With the US Election Just 4 Months Away, America’s Next Tax Plan Is Shaping Up – The Average Joe

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    With the US Election Just 4 Months Away, America’s Next Tax Plan Is Shaping Up

    Noah Weidner

    May 28, 2024

    Americans can run, but they can’t hide from politics — and unfortunately, you’re not safe here either because the country’s next election is just 159 days away. And today, we need to talk about one of the country’s most heavily debated topics: taxes.

    Whichever party wins Congress and the Presidency will win the power to reshape America’s tax code for the first time since 2017 — and the two parties have vastly different visions for taxes.

    Who’s in charge? In 2017, Donald Trump and the Republican party passed the Tax Cuts and Jobs Act (TCJA), temporarily lowering tax rates for individuals, estates, and businesses. While some argue the TCJA provided benefits, it also reduced deductions and tax credits for Americans and small businesses. The TCJA added between $1-2T to the federal debt, making it enormously controversial as its 2025 expiration date approaches.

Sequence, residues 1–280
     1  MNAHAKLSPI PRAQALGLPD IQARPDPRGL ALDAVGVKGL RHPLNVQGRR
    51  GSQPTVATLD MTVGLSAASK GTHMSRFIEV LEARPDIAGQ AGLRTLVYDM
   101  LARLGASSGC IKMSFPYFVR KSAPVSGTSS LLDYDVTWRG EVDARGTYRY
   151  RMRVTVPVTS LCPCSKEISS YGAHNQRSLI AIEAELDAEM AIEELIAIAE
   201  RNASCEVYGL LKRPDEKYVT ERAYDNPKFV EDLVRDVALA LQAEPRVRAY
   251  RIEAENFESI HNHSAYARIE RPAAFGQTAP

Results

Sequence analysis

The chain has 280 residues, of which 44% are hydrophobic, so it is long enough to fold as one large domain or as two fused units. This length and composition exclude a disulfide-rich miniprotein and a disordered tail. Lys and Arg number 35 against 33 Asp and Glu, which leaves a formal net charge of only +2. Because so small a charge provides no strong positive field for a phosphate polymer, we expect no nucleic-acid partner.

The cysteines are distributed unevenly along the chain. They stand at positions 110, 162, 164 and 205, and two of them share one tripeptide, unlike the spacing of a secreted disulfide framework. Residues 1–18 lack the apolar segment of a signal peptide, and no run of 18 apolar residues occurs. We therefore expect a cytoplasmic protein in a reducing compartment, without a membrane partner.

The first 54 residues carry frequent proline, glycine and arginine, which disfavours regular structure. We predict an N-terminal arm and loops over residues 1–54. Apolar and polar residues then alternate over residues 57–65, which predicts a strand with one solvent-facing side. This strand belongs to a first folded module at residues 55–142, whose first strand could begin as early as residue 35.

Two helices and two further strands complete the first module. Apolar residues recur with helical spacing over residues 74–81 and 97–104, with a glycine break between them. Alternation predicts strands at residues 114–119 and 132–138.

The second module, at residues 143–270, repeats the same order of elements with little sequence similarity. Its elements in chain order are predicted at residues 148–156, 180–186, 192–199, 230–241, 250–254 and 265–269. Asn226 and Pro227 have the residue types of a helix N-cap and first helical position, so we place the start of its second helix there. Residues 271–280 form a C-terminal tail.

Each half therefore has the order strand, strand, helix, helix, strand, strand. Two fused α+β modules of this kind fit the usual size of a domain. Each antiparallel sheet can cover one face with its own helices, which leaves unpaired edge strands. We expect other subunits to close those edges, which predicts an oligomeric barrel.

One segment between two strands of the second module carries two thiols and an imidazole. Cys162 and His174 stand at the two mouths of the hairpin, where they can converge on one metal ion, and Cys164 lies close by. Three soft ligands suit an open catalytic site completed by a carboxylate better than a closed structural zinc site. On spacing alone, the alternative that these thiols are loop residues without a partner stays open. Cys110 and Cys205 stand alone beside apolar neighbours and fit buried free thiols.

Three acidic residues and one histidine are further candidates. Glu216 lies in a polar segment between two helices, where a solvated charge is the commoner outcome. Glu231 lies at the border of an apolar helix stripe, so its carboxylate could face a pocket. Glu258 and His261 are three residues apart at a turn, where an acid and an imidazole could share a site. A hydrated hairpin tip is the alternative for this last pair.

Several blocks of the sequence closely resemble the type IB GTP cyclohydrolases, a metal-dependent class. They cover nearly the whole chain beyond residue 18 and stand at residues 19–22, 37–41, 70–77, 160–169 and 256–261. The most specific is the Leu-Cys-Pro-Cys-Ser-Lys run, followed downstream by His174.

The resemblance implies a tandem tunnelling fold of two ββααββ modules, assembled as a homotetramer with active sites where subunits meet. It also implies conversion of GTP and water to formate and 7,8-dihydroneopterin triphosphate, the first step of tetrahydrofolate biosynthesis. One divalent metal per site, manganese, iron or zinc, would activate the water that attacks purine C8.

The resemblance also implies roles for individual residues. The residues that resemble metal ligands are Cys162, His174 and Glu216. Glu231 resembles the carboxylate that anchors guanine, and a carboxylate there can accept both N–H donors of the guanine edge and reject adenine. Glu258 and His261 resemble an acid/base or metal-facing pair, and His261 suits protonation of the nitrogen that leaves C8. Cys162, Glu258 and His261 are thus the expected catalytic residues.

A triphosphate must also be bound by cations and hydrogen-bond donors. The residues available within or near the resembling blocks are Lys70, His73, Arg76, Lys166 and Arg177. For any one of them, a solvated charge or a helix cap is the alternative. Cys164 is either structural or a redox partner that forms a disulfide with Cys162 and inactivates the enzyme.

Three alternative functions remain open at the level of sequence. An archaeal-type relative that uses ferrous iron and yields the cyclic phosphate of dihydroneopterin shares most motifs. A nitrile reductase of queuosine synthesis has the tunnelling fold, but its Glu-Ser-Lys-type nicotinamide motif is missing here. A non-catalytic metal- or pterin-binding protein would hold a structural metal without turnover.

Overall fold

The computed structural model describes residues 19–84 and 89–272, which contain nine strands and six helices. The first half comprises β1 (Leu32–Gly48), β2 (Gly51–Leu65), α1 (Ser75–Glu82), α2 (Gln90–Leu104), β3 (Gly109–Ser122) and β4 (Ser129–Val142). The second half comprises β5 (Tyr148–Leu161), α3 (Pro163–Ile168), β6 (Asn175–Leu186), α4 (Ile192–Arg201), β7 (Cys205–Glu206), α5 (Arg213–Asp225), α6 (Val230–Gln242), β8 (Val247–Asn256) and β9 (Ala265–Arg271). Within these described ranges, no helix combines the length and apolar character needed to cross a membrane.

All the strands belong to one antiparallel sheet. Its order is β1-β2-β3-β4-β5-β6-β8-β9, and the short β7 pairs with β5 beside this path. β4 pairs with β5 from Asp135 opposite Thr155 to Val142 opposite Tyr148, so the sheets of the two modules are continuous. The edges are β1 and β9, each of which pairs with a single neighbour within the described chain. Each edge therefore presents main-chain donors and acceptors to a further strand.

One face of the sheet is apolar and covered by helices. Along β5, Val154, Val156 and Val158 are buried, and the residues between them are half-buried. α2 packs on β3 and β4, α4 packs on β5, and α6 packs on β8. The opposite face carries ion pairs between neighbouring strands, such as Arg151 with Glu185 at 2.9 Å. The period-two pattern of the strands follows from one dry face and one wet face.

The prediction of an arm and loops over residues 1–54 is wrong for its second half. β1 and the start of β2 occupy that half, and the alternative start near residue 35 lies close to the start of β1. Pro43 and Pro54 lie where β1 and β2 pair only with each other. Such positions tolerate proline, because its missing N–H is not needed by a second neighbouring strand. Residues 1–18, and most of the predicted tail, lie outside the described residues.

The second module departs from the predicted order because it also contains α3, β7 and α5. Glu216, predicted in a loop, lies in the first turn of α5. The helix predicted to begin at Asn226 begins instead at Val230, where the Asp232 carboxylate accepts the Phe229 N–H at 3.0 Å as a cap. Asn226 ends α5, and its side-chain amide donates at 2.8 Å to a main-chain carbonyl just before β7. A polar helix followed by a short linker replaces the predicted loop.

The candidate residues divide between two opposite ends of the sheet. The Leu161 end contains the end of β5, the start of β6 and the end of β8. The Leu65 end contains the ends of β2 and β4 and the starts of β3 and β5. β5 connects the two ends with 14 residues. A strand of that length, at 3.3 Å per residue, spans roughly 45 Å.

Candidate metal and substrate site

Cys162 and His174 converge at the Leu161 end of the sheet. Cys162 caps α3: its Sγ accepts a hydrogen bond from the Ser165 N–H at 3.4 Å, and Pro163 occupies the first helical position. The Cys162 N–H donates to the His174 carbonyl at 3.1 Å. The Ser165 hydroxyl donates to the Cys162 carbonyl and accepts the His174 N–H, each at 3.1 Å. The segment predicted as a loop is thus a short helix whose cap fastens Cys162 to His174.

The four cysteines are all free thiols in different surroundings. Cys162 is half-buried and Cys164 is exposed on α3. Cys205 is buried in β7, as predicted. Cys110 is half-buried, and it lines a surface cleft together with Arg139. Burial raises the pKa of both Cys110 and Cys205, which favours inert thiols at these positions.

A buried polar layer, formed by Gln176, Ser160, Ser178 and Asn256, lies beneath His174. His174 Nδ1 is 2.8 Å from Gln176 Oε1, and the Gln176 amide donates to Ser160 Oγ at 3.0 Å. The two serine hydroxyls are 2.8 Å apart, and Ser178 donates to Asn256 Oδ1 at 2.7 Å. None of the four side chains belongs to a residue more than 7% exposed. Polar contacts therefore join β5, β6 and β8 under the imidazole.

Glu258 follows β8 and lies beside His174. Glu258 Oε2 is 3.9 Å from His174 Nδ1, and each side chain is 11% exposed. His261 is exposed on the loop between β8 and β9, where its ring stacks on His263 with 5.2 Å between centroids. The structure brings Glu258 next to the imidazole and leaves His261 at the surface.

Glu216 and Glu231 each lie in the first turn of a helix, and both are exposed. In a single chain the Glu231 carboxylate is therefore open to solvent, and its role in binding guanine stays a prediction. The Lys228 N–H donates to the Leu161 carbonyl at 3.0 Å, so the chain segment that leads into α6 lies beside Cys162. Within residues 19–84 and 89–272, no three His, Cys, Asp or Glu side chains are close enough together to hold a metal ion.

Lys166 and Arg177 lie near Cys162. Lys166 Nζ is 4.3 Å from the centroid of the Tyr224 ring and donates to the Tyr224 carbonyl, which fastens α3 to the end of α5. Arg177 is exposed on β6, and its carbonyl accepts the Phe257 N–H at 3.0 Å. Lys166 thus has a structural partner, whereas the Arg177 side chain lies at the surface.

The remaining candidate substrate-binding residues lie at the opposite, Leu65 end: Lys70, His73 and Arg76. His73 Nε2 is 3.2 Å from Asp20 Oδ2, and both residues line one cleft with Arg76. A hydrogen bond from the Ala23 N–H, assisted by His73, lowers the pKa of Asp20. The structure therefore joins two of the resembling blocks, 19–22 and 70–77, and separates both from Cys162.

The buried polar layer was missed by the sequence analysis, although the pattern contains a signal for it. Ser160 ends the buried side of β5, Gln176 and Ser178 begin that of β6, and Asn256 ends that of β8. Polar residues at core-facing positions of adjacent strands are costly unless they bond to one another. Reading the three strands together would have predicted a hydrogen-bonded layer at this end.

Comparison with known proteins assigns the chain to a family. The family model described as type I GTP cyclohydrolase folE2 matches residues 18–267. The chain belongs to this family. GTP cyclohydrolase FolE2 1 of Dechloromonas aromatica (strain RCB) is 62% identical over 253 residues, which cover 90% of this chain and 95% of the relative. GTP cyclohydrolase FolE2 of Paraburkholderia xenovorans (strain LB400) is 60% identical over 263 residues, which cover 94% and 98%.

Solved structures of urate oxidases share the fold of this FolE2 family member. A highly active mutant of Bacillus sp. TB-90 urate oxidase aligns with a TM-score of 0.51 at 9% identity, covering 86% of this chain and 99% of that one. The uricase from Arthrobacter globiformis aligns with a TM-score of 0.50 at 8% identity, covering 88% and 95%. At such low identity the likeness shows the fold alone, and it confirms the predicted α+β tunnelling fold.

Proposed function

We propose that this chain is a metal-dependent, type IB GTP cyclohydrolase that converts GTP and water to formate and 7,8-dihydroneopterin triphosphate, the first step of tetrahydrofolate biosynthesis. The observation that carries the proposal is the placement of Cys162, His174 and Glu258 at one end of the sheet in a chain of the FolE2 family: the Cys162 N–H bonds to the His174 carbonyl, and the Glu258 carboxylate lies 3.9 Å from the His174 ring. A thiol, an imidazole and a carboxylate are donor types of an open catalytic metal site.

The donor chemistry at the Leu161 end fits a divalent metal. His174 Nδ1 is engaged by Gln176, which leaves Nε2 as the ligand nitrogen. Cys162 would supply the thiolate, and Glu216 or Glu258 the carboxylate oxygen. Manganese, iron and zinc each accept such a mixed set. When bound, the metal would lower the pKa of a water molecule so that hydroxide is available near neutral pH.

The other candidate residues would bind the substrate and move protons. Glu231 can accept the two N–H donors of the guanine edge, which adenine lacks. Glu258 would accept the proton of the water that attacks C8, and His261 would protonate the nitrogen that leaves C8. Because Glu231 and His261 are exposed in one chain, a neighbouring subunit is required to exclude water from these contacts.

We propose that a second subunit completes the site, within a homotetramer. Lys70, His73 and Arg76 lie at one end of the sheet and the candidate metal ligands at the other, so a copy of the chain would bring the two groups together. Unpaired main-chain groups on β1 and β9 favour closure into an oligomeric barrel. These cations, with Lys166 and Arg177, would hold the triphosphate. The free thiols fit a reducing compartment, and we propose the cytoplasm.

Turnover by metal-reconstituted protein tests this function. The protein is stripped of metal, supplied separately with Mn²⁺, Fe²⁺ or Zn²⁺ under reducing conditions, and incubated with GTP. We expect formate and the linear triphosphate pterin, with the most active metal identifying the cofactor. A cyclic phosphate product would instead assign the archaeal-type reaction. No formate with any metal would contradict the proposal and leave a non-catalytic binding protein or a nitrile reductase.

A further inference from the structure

• Republicans pledge to make the TCJA’s changes permanent if they win in November — a move that would further enrich wealthy Americans and US businesses.
    • The Congressional Budget Office says the permanent changes could increase the deficit by $4.6T between 2025 and 2034, exasperating America’s debt problem.

    What’s the Alternative?

    If Democrats hold the quill come 2025, the sequel to the TCJA could look dramatically different. By the end of 2025, tax rates for most Americans would revert to pre-2018 levels. The Democrat plan would shift the tax burden to wealthy Americans and businesses, potentially costing them nearly $5T, according to PwC.

    • A memo circulated by the Biden Admin suggests higher corporate tax rates and new levies targeting billionaires, high executive pay, and Americans making more than $400K a year.
    • The Tax Foundation estimates this plan could generate $4.4T in revenue over 11 years — but might impact jobs, GDP, and wages.

    And if no one wins? If no party gains a decisive majority, the next tax bill could be a bipartisan effort, combining elements of both parties’ visions. Americans will have to wait until November to see what will replace the TCJA.

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